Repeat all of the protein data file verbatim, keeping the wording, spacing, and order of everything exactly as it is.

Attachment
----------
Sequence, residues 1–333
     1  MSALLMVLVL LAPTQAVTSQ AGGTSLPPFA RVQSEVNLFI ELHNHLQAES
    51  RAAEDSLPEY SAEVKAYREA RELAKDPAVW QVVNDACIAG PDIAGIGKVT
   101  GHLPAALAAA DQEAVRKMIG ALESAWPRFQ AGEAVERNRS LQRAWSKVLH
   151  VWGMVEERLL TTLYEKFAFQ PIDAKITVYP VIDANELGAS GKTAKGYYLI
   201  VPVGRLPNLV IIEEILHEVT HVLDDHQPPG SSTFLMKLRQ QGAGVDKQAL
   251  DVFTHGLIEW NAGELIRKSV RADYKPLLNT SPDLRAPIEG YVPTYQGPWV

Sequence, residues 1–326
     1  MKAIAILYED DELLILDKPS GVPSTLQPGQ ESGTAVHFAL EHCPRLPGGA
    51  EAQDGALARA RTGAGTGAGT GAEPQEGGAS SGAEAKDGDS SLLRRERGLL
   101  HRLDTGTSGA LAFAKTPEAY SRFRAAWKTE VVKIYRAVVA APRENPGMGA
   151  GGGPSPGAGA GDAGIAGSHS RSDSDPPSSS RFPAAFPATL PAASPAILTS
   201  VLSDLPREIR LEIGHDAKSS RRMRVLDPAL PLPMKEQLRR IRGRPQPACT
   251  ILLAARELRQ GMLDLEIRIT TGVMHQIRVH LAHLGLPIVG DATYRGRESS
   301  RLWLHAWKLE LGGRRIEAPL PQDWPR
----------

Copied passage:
Sequence, residues 1–333
     1  MSALLMVLVL LAPTQAVTSQ AGGTSLPPFA RVQSEVNLFI ELHNHLQAES
    51  RAAEDSLPEY SAEVKAYREA RELAKDPAVW QVVNDACIAG PDIAGIGKVT
   101  GHLPAALAAA DQEAVRKMIG ALESAWPRFQ AGEAVERNRS LQRAWSKVLH
   151  VWGMVEERLL TTLYEKFAFQ PIDAKITVYP VIDANELGAS GKTAKGYYLI
   201  VPVGRLPNLV IIEEILHEVT HVLDDHQPPG SSTFLMKLRQ QGAGVDKQAL
   251  DVFTHGLIEW NAGELIRKSV RADYKPLLNT SPDLRAPIEG YVPTYQGPWV

Sequence, residues 1–326
     1  MKAIAILYED DELLILDKPS GVPSTLQPGQ ESGTAVHFAL EHCPRLPGGA
    51  EAQDGALARA RTGAGTGAGT GAEPQEGGAS SGAEAKDGDS SLLRRERGLL
   101  HRLDTGTSGA LAFAKTPEAY SRFRAAWKTE VVKIYRAVVA APRENPGMGA
   151  GGGPSPGAGA GDAGIAGSHS RSDSDPPSSS RFPAAFPATL PAASPAILTS
   201  VLSDLPREIR LEIGHDAKSS RRMRVLDPAL PLPMKEQLRR IRGRPQPACT
   251  ILLAARELRQ GMLDLEIRIT TGVMHQIRVH LAHLGLPIVG DATYRGRESS
   301  RLWLHAWKLE LGGRRIEAPL PQDWPR